The global prevalence of HHT is 1 in 5,000–10,000,[35] with a higher estimate in Europe and Japan (1 in 5000–8000).[36],[37] Interestingly, the highest rate of 1 in about 1300 occurs within the populace of the Netherlands Antilles islands of Bonaire and Curacao.[38] HHT is characterized by several subtypes with varying phenotypic manifestations that reflect specific genetic mutations. To date, loss-of-function mutations in the transforming growth factor-β (TGF-β)/bone morphogenic protein (BMP) signaling pathway are the only known causes of HHT. The various clinical phenotypes of HHT are the result of dysregulations of four well-recognized genes within the TGF-β/BMP pathway. They include ENG, (endoglin); ACVRL1 (activin A receptor type II-like kinase1 or ALK1), MADH4 (SMAD4), and GDF2 (Growth Differentiation Factor 2, aka BMP9). A given HHT subtype presents variable expressivity, even among the members of the same afflicted family, indicating notable inter- and intrafamilial variability of disease expression. Notably, nearly all of patients with HHT experience recurrent epistaxis at some point in their lives. [Table 2] shows significant clinical highlights of each subtype.
Table 2: Hereditary hemorrhagic telangiectasia subtypes

Click here to view


Molecular basis of arteriovenous malformation formation

AVMs result from an abnormality of angiogenesis. The basic pathways involved are illustrated in [Figure 2].
Figure 2: Schematic illustrating the role of TGF-β signaling in HHT. The proteins affected by mutations that cause HHT are bolded. (A) BMP9 binds to its receptor (i.e. ALK1) on the surface of an endothelial cell. ENG functions as a co-receptor. Induction of SMAD4 promotes anti-angiogenic gene regulation. (B) PI3K/AKT-mediated VEGF signaling drives endothelial cell proliferation and angiogenesis. ALK1-dependent signaling inhibits PI3K, thus contributing to the balance of anti- and pro-angiogenic intracellular states. (C) ANGPT2 functions as an agonist when its concentrations are greater than ANGPT1, and as an antagonist when its concentrations are less than ANGPT1. (D) ENG plays a role in integrin-mediated adhesion between vascular endothelial and mural cells to promote vessel stabilization

Click here to view


The dynamics of blood vessel remodeling are influenced by the antiangiogenic activities of ALK1 and endoglin. ALK1 is a BMP9 and BMP10 receptor that signals through mothers against decapentaplegic homolog-1, -5, and -8 (SMAD1/5/8). SMAD1/5/8 in turn complex with and activate the transcription factor SMAD4. In the nucleus, SMAD4 interacts with transcriptional modulators to promote antiangiogenic gene regulation, including inhibition of angiopoietin-2 (ANGPT2) transcription [Figure 2]a.[28],[46] ALK1 signaling also downregulates angiogenesis by inhibiting PI3K/AKT/mTOR, a common downstream pathway of vascular endothelial growth factor (VEGF) signaling [Figure 2]b. Experimentally, this was well demonstrated by Ola et al., who showed that ALK1 deletion in mice disinhibits PI3K/AKT, resulting in hyperproliferation of endothelial cells and AVM formation. The authors further showed that pharmacological inhibition of P13K rescues these abnormalities.[21] The PI3K/AKT pathway can also be induced by binding of ANGPT2 to its receptor, TIE2. This induction mechanism is context dependent: ANGPT2 functions as an agonist when its concentrations are in excess over its partner TIE2-agonsit, ANGPT1, and as an antagonist when its concentrations are less than ANGPT1 [Figure 2]c. Similar to Ola et al., recent investigations revealed that inhibition of ANGPT2 mitigates AVM formation and improves blood vessel diameter in SMAD4 knockout mice.[28]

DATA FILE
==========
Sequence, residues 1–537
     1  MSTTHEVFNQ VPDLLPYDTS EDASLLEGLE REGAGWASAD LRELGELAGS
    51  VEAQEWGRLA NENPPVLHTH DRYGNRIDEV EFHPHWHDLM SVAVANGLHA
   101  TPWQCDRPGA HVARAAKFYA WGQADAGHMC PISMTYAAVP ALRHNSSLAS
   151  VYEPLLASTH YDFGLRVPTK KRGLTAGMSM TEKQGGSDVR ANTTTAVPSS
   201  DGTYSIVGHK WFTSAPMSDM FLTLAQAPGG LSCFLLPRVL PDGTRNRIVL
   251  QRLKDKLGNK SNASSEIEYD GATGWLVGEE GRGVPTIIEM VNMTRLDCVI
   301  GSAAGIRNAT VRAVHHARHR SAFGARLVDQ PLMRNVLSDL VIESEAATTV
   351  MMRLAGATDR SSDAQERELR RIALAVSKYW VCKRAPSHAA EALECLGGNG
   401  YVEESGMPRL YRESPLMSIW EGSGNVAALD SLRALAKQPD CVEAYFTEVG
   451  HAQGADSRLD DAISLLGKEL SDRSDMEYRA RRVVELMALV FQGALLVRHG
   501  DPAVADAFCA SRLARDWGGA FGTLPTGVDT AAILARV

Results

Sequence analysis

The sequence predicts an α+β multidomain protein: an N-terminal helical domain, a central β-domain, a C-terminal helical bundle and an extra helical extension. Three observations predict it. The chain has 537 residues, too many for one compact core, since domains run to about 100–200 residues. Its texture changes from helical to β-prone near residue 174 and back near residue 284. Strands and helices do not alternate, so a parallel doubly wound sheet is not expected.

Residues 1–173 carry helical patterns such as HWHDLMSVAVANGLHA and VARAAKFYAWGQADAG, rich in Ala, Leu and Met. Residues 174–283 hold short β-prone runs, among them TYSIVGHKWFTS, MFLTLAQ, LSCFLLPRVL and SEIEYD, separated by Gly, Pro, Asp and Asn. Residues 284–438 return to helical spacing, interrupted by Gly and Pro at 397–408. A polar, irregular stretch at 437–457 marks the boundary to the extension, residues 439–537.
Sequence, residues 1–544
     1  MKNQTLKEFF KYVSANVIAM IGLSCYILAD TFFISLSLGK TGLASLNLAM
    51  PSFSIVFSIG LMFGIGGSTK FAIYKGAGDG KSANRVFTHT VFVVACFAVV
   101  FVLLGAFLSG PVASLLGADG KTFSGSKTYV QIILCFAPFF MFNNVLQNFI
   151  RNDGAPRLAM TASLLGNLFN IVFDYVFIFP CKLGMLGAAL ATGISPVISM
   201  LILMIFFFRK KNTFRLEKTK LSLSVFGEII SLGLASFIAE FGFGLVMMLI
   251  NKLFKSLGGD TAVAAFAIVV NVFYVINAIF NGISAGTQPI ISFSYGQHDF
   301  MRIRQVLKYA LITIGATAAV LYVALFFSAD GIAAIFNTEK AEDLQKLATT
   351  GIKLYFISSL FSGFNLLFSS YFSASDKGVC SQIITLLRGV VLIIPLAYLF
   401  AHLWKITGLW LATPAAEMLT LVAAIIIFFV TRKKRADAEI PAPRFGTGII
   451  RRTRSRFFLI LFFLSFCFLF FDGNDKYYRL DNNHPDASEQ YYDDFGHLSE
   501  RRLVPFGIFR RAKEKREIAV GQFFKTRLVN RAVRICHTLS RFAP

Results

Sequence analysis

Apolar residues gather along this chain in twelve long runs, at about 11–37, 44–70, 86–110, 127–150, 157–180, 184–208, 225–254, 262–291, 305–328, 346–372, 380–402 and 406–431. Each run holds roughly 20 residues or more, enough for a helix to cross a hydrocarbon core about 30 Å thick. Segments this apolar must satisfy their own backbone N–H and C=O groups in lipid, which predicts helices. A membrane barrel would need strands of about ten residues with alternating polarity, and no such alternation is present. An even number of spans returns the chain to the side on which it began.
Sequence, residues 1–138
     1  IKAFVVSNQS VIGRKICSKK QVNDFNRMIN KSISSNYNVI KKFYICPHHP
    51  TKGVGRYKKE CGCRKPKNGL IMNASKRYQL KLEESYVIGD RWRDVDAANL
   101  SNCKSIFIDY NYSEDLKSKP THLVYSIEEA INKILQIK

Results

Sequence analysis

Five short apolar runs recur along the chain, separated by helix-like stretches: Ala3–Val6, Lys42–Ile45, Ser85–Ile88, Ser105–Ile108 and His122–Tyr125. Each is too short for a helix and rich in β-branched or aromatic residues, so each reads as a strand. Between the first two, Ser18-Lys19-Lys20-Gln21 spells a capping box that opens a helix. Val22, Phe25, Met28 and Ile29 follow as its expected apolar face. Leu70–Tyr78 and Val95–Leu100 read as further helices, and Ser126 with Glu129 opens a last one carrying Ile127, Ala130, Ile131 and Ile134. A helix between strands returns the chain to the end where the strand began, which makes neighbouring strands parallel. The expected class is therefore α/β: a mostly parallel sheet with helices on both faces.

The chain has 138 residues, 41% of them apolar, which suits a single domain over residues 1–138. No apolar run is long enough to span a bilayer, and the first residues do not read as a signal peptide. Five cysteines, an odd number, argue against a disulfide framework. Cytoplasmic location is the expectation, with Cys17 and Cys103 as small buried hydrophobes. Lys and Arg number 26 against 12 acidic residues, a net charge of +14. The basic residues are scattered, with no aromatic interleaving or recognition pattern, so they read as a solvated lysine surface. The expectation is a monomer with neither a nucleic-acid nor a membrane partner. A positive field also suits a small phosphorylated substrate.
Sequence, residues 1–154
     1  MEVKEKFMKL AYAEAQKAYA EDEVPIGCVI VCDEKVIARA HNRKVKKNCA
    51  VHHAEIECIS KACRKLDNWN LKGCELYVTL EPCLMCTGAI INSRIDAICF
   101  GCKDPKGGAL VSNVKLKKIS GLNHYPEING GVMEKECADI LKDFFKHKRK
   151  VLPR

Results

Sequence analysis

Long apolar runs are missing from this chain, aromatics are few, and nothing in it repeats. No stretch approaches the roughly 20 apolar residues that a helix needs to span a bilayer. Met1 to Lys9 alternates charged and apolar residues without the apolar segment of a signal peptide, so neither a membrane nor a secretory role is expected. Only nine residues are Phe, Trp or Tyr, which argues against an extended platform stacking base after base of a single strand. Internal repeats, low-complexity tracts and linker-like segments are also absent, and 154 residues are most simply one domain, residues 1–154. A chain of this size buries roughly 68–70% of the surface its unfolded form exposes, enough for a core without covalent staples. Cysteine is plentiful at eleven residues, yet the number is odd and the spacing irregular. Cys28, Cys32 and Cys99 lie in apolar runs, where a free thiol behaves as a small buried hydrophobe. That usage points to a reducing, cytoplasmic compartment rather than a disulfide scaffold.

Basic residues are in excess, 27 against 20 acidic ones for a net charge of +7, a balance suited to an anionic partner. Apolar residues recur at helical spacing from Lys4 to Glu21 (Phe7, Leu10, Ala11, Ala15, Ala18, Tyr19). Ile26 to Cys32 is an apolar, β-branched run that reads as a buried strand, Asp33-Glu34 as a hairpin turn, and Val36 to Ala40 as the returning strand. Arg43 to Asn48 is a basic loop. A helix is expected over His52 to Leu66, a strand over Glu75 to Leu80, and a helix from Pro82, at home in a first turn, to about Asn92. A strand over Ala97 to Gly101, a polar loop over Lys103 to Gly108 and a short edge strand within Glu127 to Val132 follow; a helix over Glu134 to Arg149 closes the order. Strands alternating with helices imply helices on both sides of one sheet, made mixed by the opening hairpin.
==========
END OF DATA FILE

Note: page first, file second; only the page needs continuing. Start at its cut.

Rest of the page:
Endoglin is an accessory coreceptor for ALK1. Therefore, ALK1 and endoglin jointly inhibit angiogenesis [Figure 2]a.[47] Interestingly, endoglin also plays a role in regulating the stabilization and permeability of the endothelial barrier; in addition to its function as a coreceptor, its RDG motif serves as a ligand for the β1-integrins of pericytes and smooth muscle cells [Figure 2]d.[48] With these mechanisms in mind, one can appreciate how mutations in the genes encoding BMP9, ALK1, endoglin, and SMAD4 lead to formation of AVMs characteristic of HHT.

An engrossing aspect of HHT vascular lesions is that they occur with certain “tropism” for specific organ systems, mucosa, and dermal surfaces, as opposed to manifesting in a diffuse nature. Efforts to explain this phenomenon have put forth the “two-hit” hypothesis. The two-hit hypothesis emerged from observations that a given challenge or assault, such as vascular injury, prompts endothelial cells to upregulate expression of survival factors including endoglin.[49] The hypothesis suggests that mutations in such survival genes (Hit #1) decrease the threshold for endothelial cell survival when stressed by external factors (Hit #2). Evidence for this hypothesis is provided by several studies. For example, mice with a deficiency in endoglin (Hit #1) develop AVMs when exposed to the angiogenic factors VEGF and basic fibroblast growth factor (Hit #2).[50] Likewise, while mice with a deficiency in ALK1 (Hit #1) exhibit pulmonary and gastrointestinal hemorrhaging, an inductive factor such as wounding (Hit #2) is required to initiate the formation of dermal AVMs.[51] Topically applied VEGF-blockade (inhibition of Hit #2) can prevent dermal AVM formation in a wounding mouse model of HHT.[52]

Pulmonary arteriovenous malformations